Normally I like to have these blog posts come out within a day or two of the video I produced to go with them, but this month, I needed to dedicate some time to organizing my studio once and for all, and we had some household company for about a week as well. Life happens, but eventually, I always find my way back to knitting. :) Delay hand-wringing aside and without further ado, I’m excited today to explain the what, why and how of knitting with the magic loop method. Soon, I’ll also have a post & video tutorial on troubleshooting common magic loop problems like laddering and jogs (and what the heck they are), so stay tuned.
Throughout this article and on this blog, I use asterisks (*) to cite my sources, which are linked at the bottom of this post under “useful resources”. Bloggers aren’t exactly held to MLA or APA citation styles, and as a former public librarian, I feel it’s helpful to mention what those mean, and where I am finding my information. I do this just as much to appropriately credit my fellow craft writers as I do to offer additional resources for the curious. Just a heads up. :)
What is the Magic Loop in knitting?
In knitting there are a few different ways to knit in the round, but with the advent of circular knitting needles in the nineteen-teens*, new methods presented themselves for knitting in the round. Circular knitting needles are a set of straight knitting needles that are connected at the non-pointy end by a flexible cable of varying lengths. Circular knitting needles and the magic loop method allow knitters to use a single pair of circular knitting needles to knit a project at almost any circumference they wish.
Magic Loop is the name for knitting in the round using a single pair of circular knitting needles connected by a long cable, and the technique became popularized in the early 2000s.* Instead of using the once-traditional set of five double-pointed needles (DPNs) arranged in a circle to accommodate working in the round, a circular needle is used and allows for stitches to be worked on the needle tips thanks to the additional length of the cable. A cable measuring 32″/80 cm is the recommended minimum length to use for this technique. (Before writing this article I confess I only ever eyeballed how long of a cable I’d need to work in the round, just in case you’re crying with a 28″ cable in hand reading this.)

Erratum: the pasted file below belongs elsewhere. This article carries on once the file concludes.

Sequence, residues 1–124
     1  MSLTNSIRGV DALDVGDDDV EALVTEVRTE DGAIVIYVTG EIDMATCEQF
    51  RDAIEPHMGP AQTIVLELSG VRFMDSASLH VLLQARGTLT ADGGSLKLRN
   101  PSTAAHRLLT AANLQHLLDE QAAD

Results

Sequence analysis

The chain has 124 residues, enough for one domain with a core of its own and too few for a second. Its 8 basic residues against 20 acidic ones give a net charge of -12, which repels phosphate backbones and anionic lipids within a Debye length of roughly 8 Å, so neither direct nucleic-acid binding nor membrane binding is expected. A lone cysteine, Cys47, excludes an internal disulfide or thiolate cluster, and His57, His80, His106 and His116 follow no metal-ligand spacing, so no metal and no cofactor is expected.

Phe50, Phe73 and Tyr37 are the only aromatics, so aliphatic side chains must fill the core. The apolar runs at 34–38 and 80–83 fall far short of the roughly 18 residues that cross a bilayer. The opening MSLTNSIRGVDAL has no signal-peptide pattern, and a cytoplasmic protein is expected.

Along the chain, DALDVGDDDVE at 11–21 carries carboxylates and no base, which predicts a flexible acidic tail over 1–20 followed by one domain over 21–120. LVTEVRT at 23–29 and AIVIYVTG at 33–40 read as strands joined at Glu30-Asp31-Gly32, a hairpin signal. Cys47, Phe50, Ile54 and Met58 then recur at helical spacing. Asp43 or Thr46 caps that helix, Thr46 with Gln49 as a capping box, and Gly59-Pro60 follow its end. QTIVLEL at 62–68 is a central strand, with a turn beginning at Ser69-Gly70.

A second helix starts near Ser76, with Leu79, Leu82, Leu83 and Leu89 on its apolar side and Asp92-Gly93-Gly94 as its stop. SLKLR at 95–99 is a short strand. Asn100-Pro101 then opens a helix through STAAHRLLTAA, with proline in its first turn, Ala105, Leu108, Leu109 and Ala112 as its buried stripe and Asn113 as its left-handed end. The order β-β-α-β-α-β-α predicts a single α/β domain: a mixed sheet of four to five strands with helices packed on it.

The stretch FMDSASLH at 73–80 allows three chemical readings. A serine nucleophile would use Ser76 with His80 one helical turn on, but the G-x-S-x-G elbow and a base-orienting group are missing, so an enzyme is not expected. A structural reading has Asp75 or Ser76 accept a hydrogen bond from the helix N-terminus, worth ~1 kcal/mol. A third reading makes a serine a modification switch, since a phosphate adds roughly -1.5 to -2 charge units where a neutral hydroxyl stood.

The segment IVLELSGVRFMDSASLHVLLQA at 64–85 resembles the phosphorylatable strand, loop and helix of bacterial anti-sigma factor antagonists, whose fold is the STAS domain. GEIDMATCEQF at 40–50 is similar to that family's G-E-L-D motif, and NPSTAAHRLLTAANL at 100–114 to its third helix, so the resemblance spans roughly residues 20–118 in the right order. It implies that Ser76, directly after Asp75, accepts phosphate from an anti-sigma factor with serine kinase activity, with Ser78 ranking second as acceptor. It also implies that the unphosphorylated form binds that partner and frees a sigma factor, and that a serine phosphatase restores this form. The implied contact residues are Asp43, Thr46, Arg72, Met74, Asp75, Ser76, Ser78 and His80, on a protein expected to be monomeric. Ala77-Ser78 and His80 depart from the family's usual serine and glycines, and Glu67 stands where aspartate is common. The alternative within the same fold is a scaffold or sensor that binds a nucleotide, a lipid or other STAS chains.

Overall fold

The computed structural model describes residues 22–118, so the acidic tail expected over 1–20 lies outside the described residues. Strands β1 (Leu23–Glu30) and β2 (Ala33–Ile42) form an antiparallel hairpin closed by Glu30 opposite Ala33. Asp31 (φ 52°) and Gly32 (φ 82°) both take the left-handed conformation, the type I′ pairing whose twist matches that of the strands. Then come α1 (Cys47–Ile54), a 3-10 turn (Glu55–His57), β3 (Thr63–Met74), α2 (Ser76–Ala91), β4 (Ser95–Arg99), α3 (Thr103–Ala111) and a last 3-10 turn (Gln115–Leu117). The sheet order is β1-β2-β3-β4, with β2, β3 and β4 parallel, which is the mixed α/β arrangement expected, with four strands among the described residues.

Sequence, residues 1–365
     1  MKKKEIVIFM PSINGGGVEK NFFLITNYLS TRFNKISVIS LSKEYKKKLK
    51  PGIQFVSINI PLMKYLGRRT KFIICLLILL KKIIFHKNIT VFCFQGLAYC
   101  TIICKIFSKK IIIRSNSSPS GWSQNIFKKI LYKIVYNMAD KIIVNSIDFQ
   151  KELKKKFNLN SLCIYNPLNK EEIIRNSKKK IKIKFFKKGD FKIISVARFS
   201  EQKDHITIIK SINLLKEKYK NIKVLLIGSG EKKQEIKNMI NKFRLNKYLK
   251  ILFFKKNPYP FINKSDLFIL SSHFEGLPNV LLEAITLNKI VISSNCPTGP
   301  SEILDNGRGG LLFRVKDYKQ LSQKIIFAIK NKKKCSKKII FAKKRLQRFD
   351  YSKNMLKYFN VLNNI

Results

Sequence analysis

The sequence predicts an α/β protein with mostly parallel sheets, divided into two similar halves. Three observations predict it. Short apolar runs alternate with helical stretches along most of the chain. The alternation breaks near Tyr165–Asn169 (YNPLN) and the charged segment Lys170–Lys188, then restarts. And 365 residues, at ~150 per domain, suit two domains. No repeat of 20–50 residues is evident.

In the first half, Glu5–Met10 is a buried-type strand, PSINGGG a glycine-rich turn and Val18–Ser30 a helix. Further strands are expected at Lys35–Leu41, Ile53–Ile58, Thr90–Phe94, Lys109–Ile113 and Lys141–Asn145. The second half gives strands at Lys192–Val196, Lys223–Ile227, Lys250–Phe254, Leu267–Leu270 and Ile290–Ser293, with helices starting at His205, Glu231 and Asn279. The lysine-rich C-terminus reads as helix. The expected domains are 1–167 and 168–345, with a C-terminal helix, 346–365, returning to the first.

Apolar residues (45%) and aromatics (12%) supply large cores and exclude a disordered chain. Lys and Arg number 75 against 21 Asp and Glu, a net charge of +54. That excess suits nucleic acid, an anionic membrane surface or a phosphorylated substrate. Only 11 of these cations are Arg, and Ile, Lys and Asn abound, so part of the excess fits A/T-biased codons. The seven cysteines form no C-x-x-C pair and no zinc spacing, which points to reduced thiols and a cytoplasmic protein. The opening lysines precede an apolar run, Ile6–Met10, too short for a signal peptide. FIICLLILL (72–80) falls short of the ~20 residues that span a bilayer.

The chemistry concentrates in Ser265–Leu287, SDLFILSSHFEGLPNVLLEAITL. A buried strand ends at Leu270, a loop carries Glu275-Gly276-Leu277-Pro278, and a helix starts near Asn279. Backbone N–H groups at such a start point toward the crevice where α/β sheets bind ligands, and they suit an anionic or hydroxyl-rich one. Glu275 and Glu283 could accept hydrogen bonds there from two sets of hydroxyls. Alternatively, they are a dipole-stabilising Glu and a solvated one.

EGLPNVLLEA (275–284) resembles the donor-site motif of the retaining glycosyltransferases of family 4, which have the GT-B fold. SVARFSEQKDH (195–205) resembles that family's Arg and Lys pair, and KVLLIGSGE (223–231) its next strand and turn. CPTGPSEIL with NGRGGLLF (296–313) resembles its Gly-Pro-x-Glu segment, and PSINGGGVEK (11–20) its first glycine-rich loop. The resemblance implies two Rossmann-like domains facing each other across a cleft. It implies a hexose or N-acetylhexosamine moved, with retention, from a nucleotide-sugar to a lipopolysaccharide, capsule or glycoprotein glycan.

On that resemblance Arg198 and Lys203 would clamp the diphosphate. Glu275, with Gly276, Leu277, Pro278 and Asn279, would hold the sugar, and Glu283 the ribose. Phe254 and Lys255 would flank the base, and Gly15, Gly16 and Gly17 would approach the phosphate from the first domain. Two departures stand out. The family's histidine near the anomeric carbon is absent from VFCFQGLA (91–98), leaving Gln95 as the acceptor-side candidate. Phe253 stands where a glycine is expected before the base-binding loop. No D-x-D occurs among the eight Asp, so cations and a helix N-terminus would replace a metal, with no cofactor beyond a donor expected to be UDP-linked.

Why use the Magic Loop in knitting?
- You don’t have a pair of circular needles on hand with an ideal cable length.
- If you’re using circular needles without the magic loop method, knitting at especially small circumferences can be a challenge or impossible.
- You’re increasing or decreasing a lot of stitches in your project and don’t want to have to switch cables (If you’re using circular needles with interchangeable cables, switching cables can be slightly annoying depending on your patience level.)
- There’s no shame in it – many knitters fear working with double pointed needles. (With the popularity of circular needles and the magic loop technique, I can understand why many knitters never learn.) Even if you don’t fear them, knitting on-the-go with DPNs is precarious. It’s really easy to lose a needle and then be unable to knit at all. With circs, you don’t risk having to knit with a needle that’s hit the floor.
If I missed any other reasons, let me know in the comments, and I’ll add to this list!
How to do the magic loop method
- *Going in Circles: A History of Knitting in the Round – Piecework Magazine
- Why knit with magic loop? – Önling
- Magic Loop Technique: How to Knit in the Round Using a Single Long Circular Needle – Tin Can Knits
- Learn the Knitting Method That’s Totally Magic – Craftsy
Don’t forget, I’ve got another post & video tutorial on troubleshooting common magic loop problems coming soon, and I’ll link it here when it’s up. Happy knitting!